Jeremy Corbyn has been suspended from Labour just six months after stepping down as leader, threatening to ignite internal civil war.
A party spokesman said it was because of his reaction to a bombshell report into how complaints of antisemitism were handled.
Some MPs have welcomed the move as necessary, saying it shows Labour has changed and will take swift action against racism.
But it has also sparked a rupture, with those who remain loyal to Mr Corbyn vowing to challenge the decision and warning a divided party will lose the next election.
Mr Corbyn now faces an investigation, but has refused to retract the comments that sparked such furore among senior party figures.
The row erupted when Mr Corbyn gave his reaction to a damning report from the Equalities and Human Rights Commission, which has been running for over a year.
The watchdog found Labour had broken the law with its handling of antisemitism complaints during the period when Mr Corbyn was in charge.
It said there were "serious failings" by the party leadership, found evidence of political interference by Mr Corbyn's office into complaints, and judged the party responsible for "unlawful acts of harassment and discrimination".
Mr Corbyn reacted by saying he tried to make the process for investigating and acting on complaints quicker, but admitted: "I regret that it took longer to deliver that change than it should."
He also added that "the scale of the problem was also dramatically overstated for political reasons".
And then doubling down on his own innocence, Mr Corbyn told Sky News in an interview: "I'm not part of the problem."
Following the statement, a Labour spokesman said he was being suspended and having the whip withdrawn - meaning he will not represent the party in parliament - "in light of his comments made today and his failure to retract them subsequently".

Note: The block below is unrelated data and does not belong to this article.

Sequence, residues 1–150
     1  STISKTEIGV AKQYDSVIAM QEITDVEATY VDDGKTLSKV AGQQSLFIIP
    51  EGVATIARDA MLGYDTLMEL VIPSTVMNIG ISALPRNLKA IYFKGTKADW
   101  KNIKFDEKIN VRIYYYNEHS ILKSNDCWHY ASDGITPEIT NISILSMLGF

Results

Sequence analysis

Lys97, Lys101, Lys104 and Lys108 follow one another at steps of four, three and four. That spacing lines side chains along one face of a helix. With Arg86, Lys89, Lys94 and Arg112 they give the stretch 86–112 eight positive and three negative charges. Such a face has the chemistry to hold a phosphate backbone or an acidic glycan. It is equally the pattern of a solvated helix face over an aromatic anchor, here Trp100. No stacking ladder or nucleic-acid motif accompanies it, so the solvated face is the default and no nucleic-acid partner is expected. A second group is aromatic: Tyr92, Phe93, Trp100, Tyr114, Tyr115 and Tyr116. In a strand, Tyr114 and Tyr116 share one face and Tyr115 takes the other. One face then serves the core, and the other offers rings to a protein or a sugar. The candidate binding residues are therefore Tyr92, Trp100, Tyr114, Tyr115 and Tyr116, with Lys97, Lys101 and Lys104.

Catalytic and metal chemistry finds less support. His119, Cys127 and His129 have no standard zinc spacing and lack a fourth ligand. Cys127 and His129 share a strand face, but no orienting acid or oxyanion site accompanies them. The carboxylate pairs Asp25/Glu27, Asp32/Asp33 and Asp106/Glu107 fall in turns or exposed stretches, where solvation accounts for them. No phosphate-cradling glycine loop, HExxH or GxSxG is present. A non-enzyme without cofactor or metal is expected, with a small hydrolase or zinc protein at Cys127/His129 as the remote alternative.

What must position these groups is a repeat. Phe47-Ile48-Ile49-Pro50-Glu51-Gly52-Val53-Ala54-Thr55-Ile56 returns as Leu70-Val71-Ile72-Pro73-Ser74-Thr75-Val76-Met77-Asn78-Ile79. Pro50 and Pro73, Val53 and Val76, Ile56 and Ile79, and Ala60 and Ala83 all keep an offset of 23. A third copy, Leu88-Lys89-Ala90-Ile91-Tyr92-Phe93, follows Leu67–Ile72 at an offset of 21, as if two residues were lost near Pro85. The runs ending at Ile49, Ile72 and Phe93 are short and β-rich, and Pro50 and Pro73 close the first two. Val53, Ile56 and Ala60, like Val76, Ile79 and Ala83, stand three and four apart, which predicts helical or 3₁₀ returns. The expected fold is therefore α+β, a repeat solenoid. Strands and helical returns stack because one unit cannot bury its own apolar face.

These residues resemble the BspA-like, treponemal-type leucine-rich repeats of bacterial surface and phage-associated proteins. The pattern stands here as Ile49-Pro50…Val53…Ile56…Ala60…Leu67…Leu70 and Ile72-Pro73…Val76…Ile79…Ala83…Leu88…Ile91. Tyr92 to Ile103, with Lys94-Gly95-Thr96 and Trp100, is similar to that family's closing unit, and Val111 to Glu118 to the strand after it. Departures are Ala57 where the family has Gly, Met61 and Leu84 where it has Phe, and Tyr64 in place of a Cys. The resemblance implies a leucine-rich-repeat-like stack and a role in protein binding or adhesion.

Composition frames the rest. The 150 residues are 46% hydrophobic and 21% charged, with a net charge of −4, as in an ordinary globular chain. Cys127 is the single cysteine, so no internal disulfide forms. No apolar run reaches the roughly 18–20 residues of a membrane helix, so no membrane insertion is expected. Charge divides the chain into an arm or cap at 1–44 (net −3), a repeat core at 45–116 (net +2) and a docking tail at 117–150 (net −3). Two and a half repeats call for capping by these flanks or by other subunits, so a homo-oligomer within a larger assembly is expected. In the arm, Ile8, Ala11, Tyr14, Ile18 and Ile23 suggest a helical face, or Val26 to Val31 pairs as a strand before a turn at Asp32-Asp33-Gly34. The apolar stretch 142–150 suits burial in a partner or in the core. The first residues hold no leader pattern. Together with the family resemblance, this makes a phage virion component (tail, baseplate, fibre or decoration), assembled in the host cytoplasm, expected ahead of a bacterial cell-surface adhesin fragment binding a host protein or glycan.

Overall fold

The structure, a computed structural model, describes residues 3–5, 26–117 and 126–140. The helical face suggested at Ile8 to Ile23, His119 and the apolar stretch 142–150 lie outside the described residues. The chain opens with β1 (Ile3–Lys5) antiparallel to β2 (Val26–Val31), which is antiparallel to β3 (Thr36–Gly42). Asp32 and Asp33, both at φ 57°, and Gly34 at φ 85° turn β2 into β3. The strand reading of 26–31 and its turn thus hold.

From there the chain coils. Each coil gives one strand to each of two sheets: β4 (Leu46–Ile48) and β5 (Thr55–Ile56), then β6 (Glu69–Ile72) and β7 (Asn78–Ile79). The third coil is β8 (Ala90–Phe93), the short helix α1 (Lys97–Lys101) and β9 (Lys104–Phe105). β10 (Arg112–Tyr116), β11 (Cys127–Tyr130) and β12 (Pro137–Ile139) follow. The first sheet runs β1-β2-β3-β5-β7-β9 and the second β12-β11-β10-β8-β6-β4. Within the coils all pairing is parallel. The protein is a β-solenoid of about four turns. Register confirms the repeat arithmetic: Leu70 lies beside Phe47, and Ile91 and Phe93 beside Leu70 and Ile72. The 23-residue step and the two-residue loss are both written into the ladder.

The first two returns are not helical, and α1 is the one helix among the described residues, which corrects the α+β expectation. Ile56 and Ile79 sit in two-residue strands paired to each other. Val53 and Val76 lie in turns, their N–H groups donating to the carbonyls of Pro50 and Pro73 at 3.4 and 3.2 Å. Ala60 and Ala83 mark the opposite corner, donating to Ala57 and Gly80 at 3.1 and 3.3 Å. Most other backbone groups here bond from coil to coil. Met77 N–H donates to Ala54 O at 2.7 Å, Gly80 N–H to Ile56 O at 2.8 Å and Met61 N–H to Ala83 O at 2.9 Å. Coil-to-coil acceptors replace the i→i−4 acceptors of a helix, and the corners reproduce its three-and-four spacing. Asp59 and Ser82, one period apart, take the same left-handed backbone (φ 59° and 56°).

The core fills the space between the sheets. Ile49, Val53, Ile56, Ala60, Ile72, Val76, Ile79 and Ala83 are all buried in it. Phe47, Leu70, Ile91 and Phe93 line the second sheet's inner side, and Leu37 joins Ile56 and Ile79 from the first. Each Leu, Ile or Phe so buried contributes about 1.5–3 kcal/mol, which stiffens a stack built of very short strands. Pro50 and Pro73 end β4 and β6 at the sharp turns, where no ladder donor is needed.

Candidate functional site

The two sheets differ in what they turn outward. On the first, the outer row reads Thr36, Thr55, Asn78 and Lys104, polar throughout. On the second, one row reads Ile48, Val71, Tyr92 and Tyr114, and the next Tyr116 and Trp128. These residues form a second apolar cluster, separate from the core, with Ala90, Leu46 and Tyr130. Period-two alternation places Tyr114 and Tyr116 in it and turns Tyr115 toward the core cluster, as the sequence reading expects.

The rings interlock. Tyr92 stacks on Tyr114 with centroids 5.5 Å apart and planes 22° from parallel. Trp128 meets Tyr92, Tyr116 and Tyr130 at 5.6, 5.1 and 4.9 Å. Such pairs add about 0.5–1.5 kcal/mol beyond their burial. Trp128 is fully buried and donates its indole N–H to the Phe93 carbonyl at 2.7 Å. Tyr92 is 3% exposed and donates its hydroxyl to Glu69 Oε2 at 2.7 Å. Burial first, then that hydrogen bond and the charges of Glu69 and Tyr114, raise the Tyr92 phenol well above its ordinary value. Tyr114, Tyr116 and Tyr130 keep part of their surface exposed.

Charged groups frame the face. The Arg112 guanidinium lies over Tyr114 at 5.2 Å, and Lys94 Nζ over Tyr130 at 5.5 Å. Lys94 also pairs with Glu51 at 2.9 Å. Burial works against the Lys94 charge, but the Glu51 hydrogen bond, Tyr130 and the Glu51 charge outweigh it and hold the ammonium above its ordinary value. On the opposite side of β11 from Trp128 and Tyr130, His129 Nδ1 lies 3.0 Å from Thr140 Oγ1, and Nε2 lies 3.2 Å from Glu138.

A surprised Mr Corbyn is said to have been told about the news by a TV crew and exclaimed: "What?"
He then released another statement, vowing to "strongly contest the political intervention to suspend me".
"I've made absolutely clear those who deny there has been an antisemitism problem in the Labour Party are wrong," the Islington North MP added.
Leader Sir Keir Starmer said the direction to suspend Mr Corbyn was not given by him but taken by the party.
But he added it was "appropriate action" that "I fully support" and added: "I made it very clear... the Labour Party will not tolerate antisemitism or the denial of antisemitism."
Mr Corbyn's old shadow cabinet and union allies sprang to his defence, with former shadow chancellor John McDonnell urging party members to "stay calm" and "all call upon the leadership to lift this suspension".
Diane Abbott, who was shadow home secretary until the spring, also tweeted: "I oppose the decision to suspend Jeremy Corbyn from the Labour Party and will work for his reinstatement."
And Len McCluskey, the head of the Unite union, called it "an act of grave injustice which, if not reversed, will create chaos within the party and in doing so compromise Labour's chances of a general election victory", warning: "A split party will be doomed to defeat."
But other Labour figures welcomed the decision, with shadow foreign secretary Lisa Nandy saying it was "the right thing to do".
Labour MP Harriet Harman, chair of the human rights committee, tweeted: "This is the right thing to do."
And another backbencher, Margaret Hodge, said: "Labour is finally saying enough is enough, antisemitism can never be tolerated in our party. Now we can finally move on."
The Conservatives claim Sir Keir has more to answer for, with chair Amanda Milling saying he "loyally served in Corbyn's shadow cabinet as antisemitism ripped through the Labour Party".